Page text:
I recently wrote a small patch for gvim to display text shadows for all text. The idea was there are lots of interesting dark background color themes that suffer from decreased color contrast by not being on a black background, so adding a text shadow would make it look better. I grabbed a very naive and fast "color darkening" algorithm from a StackOverflow response:

col = (col & 0xfefefe) >> 1;

This is incredibly fast, and works by snipping off the most significant bit of each color component. However, this means that it will unevenly darken each component; #FF0202 becomes #7F0101, for instance. I took the tip from another comment and write an updated version of my patch that switches the colors pace from RGB to HSV, then lowered the value and converted back.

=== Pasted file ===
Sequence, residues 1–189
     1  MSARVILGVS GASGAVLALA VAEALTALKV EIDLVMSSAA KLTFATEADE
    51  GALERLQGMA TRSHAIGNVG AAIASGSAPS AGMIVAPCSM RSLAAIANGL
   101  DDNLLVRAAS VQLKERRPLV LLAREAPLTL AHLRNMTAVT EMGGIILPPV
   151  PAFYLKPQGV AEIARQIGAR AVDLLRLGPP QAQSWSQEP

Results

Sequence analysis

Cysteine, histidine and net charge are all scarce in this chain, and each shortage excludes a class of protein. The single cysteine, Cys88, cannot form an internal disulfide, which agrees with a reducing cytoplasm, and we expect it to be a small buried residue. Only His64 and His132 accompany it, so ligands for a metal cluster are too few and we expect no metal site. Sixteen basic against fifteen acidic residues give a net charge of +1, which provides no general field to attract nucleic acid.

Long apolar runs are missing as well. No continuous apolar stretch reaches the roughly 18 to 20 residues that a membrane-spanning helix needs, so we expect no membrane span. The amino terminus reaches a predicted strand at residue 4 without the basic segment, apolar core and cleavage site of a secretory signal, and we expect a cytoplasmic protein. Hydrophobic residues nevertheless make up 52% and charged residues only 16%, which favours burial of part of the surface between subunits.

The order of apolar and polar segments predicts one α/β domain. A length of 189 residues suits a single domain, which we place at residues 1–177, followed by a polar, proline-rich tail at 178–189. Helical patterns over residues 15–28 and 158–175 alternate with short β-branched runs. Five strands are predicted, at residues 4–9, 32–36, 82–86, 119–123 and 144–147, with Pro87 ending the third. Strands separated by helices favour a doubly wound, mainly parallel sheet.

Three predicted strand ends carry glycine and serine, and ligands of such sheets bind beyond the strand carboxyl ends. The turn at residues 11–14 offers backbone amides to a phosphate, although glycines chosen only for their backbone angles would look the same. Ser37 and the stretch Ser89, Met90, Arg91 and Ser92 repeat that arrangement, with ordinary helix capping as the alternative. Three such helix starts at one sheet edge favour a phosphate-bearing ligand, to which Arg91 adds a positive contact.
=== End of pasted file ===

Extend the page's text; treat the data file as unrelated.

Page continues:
This made me wonder: what other types of problems do you commonly encounter where changing the actual format of the data can make the algorithm not only simpler but more correct? From the CS angle, I'm thinking of heap sort, which is very fast but embeds all of the complexity of the algorithm onto the heap itself; the actual sort is just throwing items into the heap and then pulling them out. In astrophysics, there are problems which are much more convenient to solve with polar coordinates, or where using certain units can buy you lots of 1 denominators and simplify calculations.

Are there more examples of this? Is this the true value of experience?

Sep 12 2011